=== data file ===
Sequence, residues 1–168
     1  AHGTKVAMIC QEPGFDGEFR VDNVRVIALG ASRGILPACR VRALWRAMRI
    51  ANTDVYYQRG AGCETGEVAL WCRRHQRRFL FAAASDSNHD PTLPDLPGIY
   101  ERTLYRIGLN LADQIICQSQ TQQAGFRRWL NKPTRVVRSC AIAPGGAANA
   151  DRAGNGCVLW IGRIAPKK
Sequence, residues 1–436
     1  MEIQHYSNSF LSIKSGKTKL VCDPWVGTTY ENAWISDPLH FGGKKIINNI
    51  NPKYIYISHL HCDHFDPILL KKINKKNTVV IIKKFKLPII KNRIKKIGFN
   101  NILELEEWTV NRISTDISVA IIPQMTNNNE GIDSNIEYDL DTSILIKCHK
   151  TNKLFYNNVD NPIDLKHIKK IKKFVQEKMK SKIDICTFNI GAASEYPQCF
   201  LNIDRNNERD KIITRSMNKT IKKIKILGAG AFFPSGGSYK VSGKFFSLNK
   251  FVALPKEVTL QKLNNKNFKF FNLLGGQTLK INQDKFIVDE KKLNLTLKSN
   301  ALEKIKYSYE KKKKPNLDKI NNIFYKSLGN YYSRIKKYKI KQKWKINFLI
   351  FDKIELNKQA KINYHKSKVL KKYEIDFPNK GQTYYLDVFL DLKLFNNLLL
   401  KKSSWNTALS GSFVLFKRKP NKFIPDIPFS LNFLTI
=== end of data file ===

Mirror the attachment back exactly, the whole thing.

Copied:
Sequence, residues 1–168
     1  AHGTKVAMIC QEPGFDGEFR VDNVRVIALG ASRGILPACR VRALWRAMRI
    51  ANTDVYYQRG AGCETGEVAL WCRRHQRRFL FAAASDSNHD PTLPDLPGIY
   101  ERTLYRIGLN LADQIICQSQ TQQAGFRRWL NKPTRVVRSC AIAPGGAANA
   151  DRAGNGCVLW IGRIAPKK
Sequence, residues 1–436
     1  MEIQHYSNSF LSIKSGKTKL VCDPWVGTTY ENAWISDPLH FGGKKIINNI
    51  NPKYIYISHL HCDHFDPILL KKINKKNTVV IIKKFKLPII KNRIKKIGFN
   101  NILELEEWTV NRISTDISVA IIPQMTNNNE GIDSNIEYDL DTSILIKCHK
   151  TNKLFYNNVD NPIDLKHIKK IKKFVQEKMK SKIDICTFNI GAASEYPQCF
   201  LNIDRNNERD KIITRSMNKT IKKIKILGAG AFFPSGGSYK VSGKFFSLNK
   251  FVALPKEVTL QKLNNKNFKF FNLLGGQTLK INQDKFIVDE KKLNLTLKSN
   301  ALEKIKYSYE KKKKPNLDKI NNIFYKSLGN YYSRIKKYKI KQKWKINFLI
   351  FDKIELNKQA KINYHKSKVL KKYEIDFPNK GQTYYLDVFL DLKLFNNLLL
   401  KKSSWNTALS GSFVLFKRKP NKFIPDIPFS LNFLTI